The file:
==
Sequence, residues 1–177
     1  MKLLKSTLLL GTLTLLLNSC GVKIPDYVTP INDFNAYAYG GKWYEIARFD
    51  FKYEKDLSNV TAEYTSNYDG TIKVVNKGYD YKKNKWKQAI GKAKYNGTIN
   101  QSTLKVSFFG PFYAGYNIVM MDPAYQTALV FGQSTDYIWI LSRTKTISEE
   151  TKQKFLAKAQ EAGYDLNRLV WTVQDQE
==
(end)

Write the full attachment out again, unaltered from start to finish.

Sequence, residues 1–177
     1  MKLLKSTLLL GTLTLLLNSC GVKIPDYVTP INDFNAYAYG GKWYEIARFD
    51  FKYEKDLSNV TAEYTSNYDG TIKVVNKGYD YKKNKWKQAI GKAKYNGTIN
   101  QSTLKVSFFG PFYAGYNIVM MDPAYQTALV FGQSTDYIWI LSRTKTISEE
   151  TKQKFLAKAQ EAGYDLNRLV WTVQDQE